Cynthia's story is a powerful and inspiring one. Here she tells it in her own words:
"At that time, it felt like it came out of nowhere, but looking back now ‚maybe it didn't. I suppose a little voice inside me suspected something for a while but that voice wasn't loud enough to be heard, until that day. That day, the floor beneath me was yanked without a warning, my heart stopped beating, and my breath felt like it was stolen from me, much like my life as I knew it. That day, I woke up to what felt like someone else's life and was forced to play a role that I didn't understand, a role that didn't belong to me, a role I didn't want. That day, I was left standing on my own, 30 years old with a six-month-old at hip and on my way to divorce. The decision to go through a separation, and later a divorce, wasn't one that was taken lightly nor was it made quickly. The days that followed were harsher than the last and the pain of separation was an unbearable grief to carry that weighted every step I took. Loneliness, anger and despair took over every part of my life and pushed me down a dark hole that seemed impossible to crawl out of.
As if the inner battle wasn't enough weight to carry, the pressures and stigma that still exist in society for single moms brings a shame that softens, yet hardens your heart, making you want to shrivel in its existence and hide from the world. I spent days, weeks, months completely lost.Trying to understand what happened. Trying to find who I am and who I was, but the truth is, there is no possible way to get back to who you were. That kind of loss (or any kind of loss, really) enters your life and leaves you different than how it found you, but it's what you do with your new self that will define what's next for you. The pain and pressures of being a single mom was (and sometimes still is) a weight that I carried on my shoulders each day, but nonetheless, I carried it! Each day, I woke up, got dressed, grabbed the weight of the world‚ and went about my business. With that weight I cried, scream, and yelled my way through the minutes and hours, but I showed up each day and rebuilt, loved, laughed, and grew.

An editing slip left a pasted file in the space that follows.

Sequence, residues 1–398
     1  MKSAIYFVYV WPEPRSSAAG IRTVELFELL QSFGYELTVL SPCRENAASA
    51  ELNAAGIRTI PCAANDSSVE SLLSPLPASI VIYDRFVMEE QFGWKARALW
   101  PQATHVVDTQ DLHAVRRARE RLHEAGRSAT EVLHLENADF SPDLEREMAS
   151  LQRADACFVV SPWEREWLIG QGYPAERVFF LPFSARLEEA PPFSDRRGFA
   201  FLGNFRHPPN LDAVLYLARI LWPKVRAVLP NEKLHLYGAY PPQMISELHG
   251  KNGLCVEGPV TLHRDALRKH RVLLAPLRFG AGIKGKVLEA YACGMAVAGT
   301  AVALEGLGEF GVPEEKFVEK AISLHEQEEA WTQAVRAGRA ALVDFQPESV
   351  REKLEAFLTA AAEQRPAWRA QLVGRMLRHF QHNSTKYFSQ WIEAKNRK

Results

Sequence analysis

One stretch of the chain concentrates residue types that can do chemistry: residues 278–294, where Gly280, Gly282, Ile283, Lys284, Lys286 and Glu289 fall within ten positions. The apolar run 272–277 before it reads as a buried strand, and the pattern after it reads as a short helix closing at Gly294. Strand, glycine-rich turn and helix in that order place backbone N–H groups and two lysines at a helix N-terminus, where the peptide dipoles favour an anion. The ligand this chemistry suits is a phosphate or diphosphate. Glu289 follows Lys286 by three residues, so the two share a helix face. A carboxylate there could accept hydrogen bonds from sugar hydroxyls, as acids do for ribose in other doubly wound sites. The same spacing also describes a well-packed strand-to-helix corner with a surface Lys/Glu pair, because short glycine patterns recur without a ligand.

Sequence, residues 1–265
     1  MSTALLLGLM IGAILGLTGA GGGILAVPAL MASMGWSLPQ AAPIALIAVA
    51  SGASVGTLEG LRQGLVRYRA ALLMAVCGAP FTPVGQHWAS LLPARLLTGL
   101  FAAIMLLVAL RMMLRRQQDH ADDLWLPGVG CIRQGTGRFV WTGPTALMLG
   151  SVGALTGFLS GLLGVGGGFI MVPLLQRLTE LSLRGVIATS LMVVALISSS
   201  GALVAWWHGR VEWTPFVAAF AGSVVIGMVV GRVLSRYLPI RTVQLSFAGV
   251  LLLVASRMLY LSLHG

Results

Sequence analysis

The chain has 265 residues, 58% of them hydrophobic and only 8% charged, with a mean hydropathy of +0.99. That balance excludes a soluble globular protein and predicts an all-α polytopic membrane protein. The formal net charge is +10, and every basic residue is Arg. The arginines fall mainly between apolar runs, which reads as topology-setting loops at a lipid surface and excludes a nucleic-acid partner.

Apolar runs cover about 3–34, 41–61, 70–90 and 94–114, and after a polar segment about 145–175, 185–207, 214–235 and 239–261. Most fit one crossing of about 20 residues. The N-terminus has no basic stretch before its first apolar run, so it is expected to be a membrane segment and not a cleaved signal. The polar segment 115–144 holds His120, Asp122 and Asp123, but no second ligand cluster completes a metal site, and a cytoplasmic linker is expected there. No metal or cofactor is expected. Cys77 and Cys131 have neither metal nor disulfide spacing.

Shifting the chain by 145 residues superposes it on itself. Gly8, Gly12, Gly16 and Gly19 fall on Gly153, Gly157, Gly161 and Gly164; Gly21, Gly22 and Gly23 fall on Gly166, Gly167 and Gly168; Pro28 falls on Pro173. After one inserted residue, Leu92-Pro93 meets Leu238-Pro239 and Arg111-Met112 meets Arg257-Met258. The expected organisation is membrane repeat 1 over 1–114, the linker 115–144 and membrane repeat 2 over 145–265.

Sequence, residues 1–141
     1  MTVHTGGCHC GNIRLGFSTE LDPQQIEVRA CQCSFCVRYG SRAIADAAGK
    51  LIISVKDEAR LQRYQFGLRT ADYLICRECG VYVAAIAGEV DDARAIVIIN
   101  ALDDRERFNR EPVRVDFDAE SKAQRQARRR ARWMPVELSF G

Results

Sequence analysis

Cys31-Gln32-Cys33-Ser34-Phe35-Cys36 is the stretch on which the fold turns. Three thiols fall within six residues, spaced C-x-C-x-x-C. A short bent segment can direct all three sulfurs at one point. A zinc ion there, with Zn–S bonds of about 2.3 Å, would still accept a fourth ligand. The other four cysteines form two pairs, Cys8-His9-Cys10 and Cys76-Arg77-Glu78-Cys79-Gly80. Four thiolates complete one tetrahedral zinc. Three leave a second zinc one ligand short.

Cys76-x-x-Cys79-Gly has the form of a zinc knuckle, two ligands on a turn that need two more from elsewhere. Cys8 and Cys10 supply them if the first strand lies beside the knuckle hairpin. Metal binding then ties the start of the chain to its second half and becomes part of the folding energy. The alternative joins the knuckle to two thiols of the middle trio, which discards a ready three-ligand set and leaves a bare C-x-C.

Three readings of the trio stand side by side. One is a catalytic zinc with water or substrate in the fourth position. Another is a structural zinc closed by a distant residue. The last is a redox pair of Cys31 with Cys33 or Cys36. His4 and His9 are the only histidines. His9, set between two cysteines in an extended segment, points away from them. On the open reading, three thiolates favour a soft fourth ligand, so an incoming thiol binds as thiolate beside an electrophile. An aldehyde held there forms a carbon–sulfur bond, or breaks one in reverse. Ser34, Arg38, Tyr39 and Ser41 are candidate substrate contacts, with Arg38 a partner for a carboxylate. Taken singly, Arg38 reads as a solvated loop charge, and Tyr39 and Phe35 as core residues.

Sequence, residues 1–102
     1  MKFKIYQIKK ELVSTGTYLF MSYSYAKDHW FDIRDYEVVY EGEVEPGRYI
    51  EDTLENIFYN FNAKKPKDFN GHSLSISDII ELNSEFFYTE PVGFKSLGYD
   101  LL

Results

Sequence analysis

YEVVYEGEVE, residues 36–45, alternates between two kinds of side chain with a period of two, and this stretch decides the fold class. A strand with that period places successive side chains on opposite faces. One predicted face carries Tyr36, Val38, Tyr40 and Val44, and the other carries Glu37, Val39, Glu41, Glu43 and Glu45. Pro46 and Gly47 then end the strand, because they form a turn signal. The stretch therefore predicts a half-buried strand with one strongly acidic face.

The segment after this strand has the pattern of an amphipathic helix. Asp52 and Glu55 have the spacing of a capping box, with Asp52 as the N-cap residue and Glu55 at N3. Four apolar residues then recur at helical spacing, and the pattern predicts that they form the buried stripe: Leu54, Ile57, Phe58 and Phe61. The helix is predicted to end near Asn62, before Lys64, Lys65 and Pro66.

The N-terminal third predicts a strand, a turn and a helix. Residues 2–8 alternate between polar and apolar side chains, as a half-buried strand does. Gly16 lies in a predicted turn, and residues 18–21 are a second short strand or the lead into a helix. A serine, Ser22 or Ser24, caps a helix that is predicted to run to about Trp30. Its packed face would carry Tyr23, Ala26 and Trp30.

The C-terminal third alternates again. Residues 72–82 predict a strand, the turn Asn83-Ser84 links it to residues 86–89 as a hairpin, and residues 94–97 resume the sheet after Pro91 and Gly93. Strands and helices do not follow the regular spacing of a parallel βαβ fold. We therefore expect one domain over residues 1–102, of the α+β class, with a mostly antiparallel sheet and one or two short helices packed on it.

Through that growth I also realized that regardless of what we go through ‚ we shouldn't go through it alone. That growth granted me the ability to learn to ask for help from a village that surround and supported me even when anger blinded my way. This village consisted of my family and closest friends who supported my sorrows and my happiness. They are the ones that steady the ground I walk on and hold me up when weakness wants to push me down. Although they helped me built strength, it's the healing of my heart that has lighted the weight I once carried. They say that time heals all‚ and although three years has passed, I don't believe that time has done anything for me. What continues to help me heal and what guides my way when I am lost is the north star that shines where darkness once lingered.
In life, a north star comes in different shapes, sizes, and even forms, but regardless, it stands with you and lights the dark sky, showing you the way, and my north start does just that. My north star has come into my life in human form and at exactly at the time I needed it the most.That bright star of mine lightens my load with laughter, warms my heart with his spoken words, and pulls me into hope as he holds my hand. At the tender age of three, my son has been the north star that has guided my way. He has shown me that with love, hope will come and healing will follow. His unconditional love has taught me that I am enough and will always be enough as long as I continue showing up to life. And seeing him develop and thrive into the little person that he is has shown me that I am the kind of person that will make it because I'm the one to bet on. So what happens now? Am I healed? No, but are any of us healed? We all have different battles that break us and helps us find the inner strength we never knew we had in order to rebuild, only to break us down again later on. But our resilience is just one of the amazing qualities we have as human beings. We all might be a little broken on the inside, but as Leonard Cohen once said, there is a crack in everything. That's how the light gets in. All photography copyright Kylene Cleaver